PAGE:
This "Recent Repair" was kindly contributed by Nigel Hughes.
In the late 1940s and 1950s, a large radiogram was something of a status symbol and quite costly. Many incorporated more advanced circuitry than their table-model brothers and sisters and if you have the space, they can be a worthwhile addition to a collection.
This radiogram is very heavily built, with a case of 3/4" walnut-veneered plywood. The chassis has eight Marconiphone/Osram valves: W81 RF stage, X81 Frequency Changer, W81 IF stage, two DH149 audio stages, KT66 Audio Output, U81 Mains Rectifier and Y61 Magic Eye. The radio has three Short wavebands with bandspread tuning, plus Medium and Long wave and the audio stages incorporate switched Bass and Treble controls.
Originally, the unit would have had an HMV autochanger, but this had been swapped for a Garrard RC120 early in its life. The set also includes a Smiths Sectric electric clock with time switch so that the radio can be preset to turn on for favourite programmes. I was amazed and delighted to find the clock worked perfectly.
I bought the radiogram because it was clearly
a top of the range item in its time, with what promised to be a sensitive and
powerful radio, and with an autochanger which would enable me to play records
from my collection of 78s.
The first item I looked at was the autochanger. I found that the bearing of the main camshaft for the mechanism was seized solid. This was dismantled and lubricated and the changer then worked perfectly.
The radio was much more interesting to repair. One paper decoupling capacitor in the HT line was a dead short, all the wax having melted out of the tube. Also, a beefy wirewound HT smoothing resistor was open circuit. It's always nice to find why any radio has failed because you are then well on the way to getting it working.
I then removed the waxed paper audio coupling capacitors from the audio and output stages and found they were badly leaky, as I had expected they would be. I therefore replaced all the waxed paper capacitors with modern polyester types. This involved some serious dismantling because one was hidden inside the coil pack. The coil pack is on a sub-chassis which had to be completely removed to gain access. This involved disconnecting about five connections on a tag strip and disconnecting aerial, earth and tuning capacitor connections. Half a dozen self tapping screws were removed to free the subchassis. After repair, various leads have to be pulled through grommets in the main chassis as the coil pack is reinstalled. This is aided by temporarily attaching string extensions to the leads.
I then re-formed the main smoothing electrolytics, all of which responded, despite being dated August 1950. It was time to fire up the radio. I was treated to the sound of stations, but with very heavy mains hum and awful audio distortion. I checked voltages on the audio valves and found the KT66 to be taking a high current and to be showing a positive control grid voltage. This means the valve is taking grid current, which it should not do and usually means the valve is at the end of its life. A spare KT66 from my collection fixed the grid current and the distortion, but I was left with the hum.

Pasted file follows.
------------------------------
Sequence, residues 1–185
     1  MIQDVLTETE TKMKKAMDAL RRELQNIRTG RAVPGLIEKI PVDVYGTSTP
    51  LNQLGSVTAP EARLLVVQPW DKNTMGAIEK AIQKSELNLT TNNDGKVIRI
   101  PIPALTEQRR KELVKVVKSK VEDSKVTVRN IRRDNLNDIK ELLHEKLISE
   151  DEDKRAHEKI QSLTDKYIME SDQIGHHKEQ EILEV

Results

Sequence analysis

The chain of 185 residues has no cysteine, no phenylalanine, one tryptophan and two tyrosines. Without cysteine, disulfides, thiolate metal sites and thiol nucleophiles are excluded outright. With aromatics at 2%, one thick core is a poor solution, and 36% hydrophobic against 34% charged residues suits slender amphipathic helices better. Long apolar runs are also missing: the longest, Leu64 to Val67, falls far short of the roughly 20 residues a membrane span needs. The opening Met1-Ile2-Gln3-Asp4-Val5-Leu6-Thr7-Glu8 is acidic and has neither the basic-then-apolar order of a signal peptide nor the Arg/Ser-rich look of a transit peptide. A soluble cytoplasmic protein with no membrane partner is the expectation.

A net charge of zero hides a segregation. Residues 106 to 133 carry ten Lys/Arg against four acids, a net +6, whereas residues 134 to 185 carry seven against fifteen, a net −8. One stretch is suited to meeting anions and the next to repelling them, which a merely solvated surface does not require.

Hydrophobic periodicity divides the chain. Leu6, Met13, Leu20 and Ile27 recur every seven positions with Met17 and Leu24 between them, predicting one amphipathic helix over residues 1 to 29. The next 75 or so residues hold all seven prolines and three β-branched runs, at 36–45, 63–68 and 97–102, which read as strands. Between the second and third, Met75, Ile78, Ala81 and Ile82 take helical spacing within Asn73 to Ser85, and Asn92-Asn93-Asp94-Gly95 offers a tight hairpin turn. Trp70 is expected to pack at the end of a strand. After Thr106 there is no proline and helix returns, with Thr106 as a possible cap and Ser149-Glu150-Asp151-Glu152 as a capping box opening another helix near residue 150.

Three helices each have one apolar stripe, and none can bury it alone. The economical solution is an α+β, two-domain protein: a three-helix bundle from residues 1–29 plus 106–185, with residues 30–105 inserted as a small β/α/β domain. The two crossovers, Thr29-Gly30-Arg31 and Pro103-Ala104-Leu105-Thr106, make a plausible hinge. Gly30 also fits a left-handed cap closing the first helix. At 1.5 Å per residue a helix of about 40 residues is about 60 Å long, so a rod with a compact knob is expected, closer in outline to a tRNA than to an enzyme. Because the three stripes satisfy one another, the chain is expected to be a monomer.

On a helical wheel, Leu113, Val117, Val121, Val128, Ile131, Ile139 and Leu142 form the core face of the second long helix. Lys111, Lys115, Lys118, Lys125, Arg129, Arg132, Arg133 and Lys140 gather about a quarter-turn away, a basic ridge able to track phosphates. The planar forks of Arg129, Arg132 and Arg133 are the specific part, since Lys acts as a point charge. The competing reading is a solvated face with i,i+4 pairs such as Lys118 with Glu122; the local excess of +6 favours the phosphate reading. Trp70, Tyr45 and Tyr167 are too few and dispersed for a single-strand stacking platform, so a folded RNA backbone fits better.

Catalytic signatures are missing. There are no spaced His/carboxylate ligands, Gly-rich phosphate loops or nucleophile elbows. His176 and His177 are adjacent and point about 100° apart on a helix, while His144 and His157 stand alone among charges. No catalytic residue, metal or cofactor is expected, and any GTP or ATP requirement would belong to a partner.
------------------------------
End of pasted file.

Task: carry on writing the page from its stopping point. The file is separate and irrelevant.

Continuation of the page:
The HT smoothing components included a 16 mfd electrolytic capacitor, a smoothing choke, two 32 mfd electrolytic capacitors and a 1K , high wattage, resistor (the one that had blown). Somehow, in the past, somebody had incorrectly rewired the circuit so that the resistor, rather than the choke was smoothing the HT to the KT66, all 65 mA of it. This had eventually led to failure of the resistor. When the circuit was rewired correctly, the mains hum disappeared and the set performed very nicely.
There is a moral to this. In many cases, the radios that we find for restoration have been subjected to failed attempts to repair them in the past. It is not then sufficient to replace failed components. It is also necessary to check that the circuit is as it should be.
Finally, I was ready to try some records on the autochanger. The sound from a mono record of the Beatles was surprisingly good. This proved that the Garrard GC2 turnover cartridge was working. This was a bit of luck, as the crystals are liable to fall to pieces with age. The 78 performance was not bad, with the available treble tone control providing good scratch filtering. I was then lucky to find a new 78 stylus in a local junk shop and the 78 performance became excellent. I have now had a 3.5 thou radius diamond fitted for playing my 1930s dance band records and the results are great. One day I hope to find an original HMV changer.
Although the radiogram has only a single 13" elliptical speaker, it has a powerful magnet and an aluminium centre, giving extended treble and I am very pleased with the audio quality and available power from the radiogram. The radio side is as sensitive and selective as I had hoped.
Later radiograms became "Hi-Fi" with
push-pull output, infinitely variable tone controls, FM radio and stereo, but
the HMV 1611 represents the last of the pre-Hi-Fi mono era and I love it. I
have bought a set of valves for it as an insurance for the future.
Text and photographs Copyright © 2002 Nigel Hughes.